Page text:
Hurricane Harvey may have been downgraded to a tropical storm on Saturday but residents of Houston, Texas are still feeling its effects, with more than two feet of rain in 24 hours, tornadoes in some areas and untold numbers of homes damaged or destroyed.
More than 6.5 million people call Houston home. Among them are Trinidadian national, Stacy Ann and Australian national, Nicole Flockton, both of whom spoke with Newsday today about how their families have been coping.
Stacy Ann lives in Fulshear while Flockton's home is located about half hour's drive away in what's known as the 'Energy Corridor' of Houston.
The streets in her neighbourhood hadn't flooded as of this afternoon but the retention ponds and lakes in the area were either full or overflowing.
"Rain has been steady since Friday night. Flooding will get worse over the next few days, as retention ponds are filled."
Asked if she was concerned about what might happen, given the forecast for more rain over the next few days, Stacy Ann said she was "a little worried."
"Our neighbourhood has lots of lakes, so we could take water but this is a lot and our lakes are filling up...If the rain doesn't stop and let it drain off, we could see water coming up on our street and maybe even our driveway. Our house is high up on the street but if it rains for three more days, as predicted, anything is fair game."
Given that her daughter, Sophia, is five-years-old while her son, Adam, is two-years-old, Stacy Ann said her children have had different reactions to the change in routine; particularly the need to seek shelter during tornado warnings.
"Adam couldn't care two hoots. Sophia is more aware and just scared of the tornadoes. Tornadoes are scary. You can't see them and the warnings are constant, so you don't know where they'll come from, it at all."
During the tornado warnings; one was issued shortly before 2 pm today while Stacy Ann was talking to Newsday, the family has huddled together in a closet in a bedroom on the ground floor of their home.
"It's small but the strongest part of the house, (so) that's where we wait out the tornadoes."
Asked how she's tried to keep Sophia calm, Stacy Ann told Newsday that because her daughter gets to sleep with mom and dad during Harvey's passage, "She is in heaven right now."
Stacy Ann expressed sorrow that while her family is OK, so far, "Families in Simonton; a few miles from here, have to evacuate. What is sad is, some of them lost their homes two years ago and had just rebuilt. So sad."
Thankful for being spared, Stacy Ann said she and husband, Adam, "were planning to go help people in other neighbourhoods who need to pack up their stuff quickly" but by 4.30 pm today, the rain was "pouring down" again and the roads leading out of their community had flooded. So the couple were forced to stay put.
Today, many schools in Houston announced the cancellation of classes for all of this week. The Katy Independent School District (KISD) was among the school systems which decided to do so.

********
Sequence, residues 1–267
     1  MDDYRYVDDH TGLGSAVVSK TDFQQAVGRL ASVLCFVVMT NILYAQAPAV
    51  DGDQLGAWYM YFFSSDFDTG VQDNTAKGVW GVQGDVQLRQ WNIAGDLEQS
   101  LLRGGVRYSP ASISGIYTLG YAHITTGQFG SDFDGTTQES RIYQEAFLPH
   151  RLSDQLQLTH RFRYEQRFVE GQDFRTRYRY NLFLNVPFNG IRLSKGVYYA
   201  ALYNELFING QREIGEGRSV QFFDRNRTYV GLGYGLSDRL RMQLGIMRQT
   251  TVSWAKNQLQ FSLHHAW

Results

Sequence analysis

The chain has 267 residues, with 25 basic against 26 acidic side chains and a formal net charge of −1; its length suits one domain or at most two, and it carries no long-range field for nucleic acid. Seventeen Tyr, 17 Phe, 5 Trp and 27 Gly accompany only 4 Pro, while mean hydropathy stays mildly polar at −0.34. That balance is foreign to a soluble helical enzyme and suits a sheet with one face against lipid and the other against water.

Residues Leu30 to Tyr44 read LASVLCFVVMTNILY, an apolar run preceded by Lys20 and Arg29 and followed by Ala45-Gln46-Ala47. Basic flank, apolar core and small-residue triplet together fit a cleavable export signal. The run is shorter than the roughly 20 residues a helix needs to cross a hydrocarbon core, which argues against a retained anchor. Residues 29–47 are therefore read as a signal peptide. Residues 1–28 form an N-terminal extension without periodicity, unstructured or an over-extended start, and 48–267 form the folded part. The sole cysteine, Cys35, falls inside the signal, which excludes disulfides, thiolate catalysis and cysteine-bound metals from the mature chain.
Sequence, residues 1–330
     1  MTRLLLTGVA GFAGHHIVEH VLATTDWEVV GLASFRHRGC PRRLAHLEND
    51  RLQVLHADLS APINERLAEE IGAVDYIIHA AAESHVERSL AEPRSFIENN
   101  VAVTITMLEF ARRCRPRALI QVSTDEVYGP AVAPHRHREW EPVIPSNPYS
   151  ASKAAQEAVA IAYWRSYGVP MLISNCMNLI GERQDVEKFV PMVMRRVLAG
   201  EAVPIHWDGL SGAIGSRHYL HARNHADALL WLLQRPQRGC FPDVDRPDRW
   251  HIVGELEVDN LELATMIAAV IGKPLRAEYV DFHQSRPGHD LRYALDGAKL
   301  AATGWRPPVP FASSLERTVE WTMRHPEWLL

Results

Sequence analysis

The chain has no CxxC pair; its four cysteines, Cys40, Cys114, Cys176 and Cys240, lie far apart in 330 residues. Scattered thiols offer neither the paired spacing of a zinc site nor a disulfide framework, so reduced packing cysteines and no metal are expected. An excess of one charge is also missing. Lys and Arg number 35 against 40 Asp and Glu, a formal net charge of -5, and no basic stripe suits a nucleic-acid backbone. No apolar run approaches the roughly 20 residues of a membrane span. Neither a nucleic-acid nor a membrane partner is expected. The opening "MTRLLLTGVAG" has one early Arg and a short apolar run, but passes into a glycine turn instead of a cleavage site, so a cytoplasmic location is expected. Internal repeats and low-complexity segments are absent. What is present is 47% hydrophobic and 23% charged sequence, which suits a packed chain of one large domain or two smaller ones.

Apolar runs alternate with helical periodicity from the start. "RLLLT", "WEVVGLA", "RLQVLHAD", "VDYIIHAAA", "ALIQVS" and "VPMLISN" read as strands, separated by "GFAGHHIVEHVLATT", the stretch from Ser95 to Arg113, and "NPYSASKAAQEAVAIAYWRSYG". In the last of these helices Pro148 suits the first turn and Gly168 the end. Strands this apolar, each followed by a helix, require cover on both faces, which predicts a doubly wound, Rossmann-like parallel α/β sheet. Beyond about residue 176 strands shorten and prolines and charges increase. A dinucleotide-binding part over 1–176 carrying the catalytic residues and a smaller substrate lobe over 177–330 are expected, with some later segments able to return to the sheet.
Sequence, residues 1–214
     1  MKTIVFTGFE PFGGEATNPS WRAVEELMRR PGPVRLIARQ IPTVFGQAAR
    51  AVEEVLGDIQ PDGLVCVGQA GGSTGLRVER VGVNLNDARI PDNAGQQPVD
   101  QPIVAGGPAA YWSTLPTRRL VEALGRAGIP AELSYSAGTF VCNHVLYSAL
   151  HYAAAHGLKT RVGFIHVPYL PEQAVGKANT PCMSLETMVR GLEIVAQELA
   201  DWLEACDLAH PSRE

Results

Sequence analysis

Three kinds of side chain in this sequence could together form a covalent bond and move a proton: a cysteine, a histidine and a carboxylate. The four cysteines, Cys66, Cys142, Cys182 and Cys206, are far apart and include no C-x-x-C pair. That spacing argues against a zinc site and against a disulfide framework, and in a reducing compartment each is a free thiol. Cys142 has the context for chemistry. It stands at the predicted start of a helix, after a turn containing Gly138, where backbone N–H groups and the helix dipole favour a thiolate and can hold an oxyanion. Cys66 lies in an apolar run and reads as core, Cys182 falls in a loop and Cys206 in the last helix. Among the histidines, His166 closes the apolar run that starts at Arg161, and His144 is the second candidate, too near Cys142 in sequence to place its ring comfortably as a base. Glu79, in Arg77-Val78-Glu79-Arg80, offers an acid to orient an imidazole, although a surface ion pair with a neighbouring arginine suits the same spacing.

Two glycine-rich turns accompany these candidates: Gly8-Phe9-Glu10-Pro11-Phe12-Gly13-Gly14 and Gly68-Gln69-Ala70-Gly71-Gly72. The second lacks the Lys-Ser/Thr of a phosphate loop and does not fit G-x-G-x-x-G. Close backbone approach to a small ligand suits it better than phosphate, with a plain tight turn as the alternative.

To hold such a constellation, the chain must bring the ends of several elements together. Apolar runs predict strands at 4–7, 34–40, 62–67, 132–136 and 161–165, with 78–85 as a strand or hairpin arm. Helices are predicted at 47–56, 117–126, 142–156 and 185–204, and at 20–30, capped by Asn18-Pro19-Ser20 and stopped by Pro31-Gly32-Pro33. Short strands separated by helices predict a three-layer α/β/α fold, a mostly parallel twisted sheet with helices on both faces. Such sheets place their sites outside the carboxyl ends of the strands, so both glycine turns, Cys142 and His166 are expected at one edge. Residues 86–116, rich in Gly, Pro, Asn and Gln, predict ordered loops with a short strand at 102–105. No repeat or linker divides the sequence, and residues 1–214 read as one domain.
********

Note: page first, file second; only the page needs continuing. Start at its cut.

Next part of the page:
Stacy Ann's children go to schools within the KISD.
Referring to the announcement made early this afternoon, she said, "I have a sitter lined up, so I can work from home or at the office if I need to go in."
Over in the 'Energy Corridor', Flockton expressed relief that her home and neighbourhood had been spared the worst, so far, from Harvey's passage.
"We are in a good area, fortunately. We also didn't have tornadoes touch down near us," Flockton told Newsday.
During a break in the rains this morning, Flockton and her husband, Jason Flockton, donned boots and took a walk through their neighbourhood and out to Westheimer Road, a main east-west road in Houston, Texas.
"Our street's drainage is doing a BRILLIANT job," Flockton wrote on her Facebook page.
"When we started out the rain was heavy and there was pooling but the drains were gulping down the water. There was water up to the top on a couple of the drains but water was still flowing. The four-way intersection has puddles but was clear. As we headed down toward one of the main roads, Westheimer, there was puddling that got deeper as we walked toward the road."
"Westheimer is higher than the road we were walking on, so the pooling was deeper. Close to the curb in one section the water came up to mid calf on my 'wellies' (boots). As we walked back home, the rain was lighter and the drains that were close to the brim when we headed out, were clear and flowing well. Saying prayers for those who aren't as fortunate as we are," Flockton wrote.
Speaking with Newsday a few hours later, Flockton revealed that she "was concerned and worried" when Harvey made landfall on Friday night.
About 24 hours later, when their area was placed under tornado watch, Flockton said she "kept checking outside to see if I could 'hear' anything. I also tried to stay calm so kids didn't get freaked out."
Flockton has a fifteen-year-old daughter, Skylar, and a thirteen-year-old son, Zane. Their schools will also be closed this week while Houston begins clean up and recovery from Harvey.
"Zane seems more concerned than Skylar. Both obviously excited about no school. Jason's work is closed on Monday. Don't know if it will be for longer," Flockton said.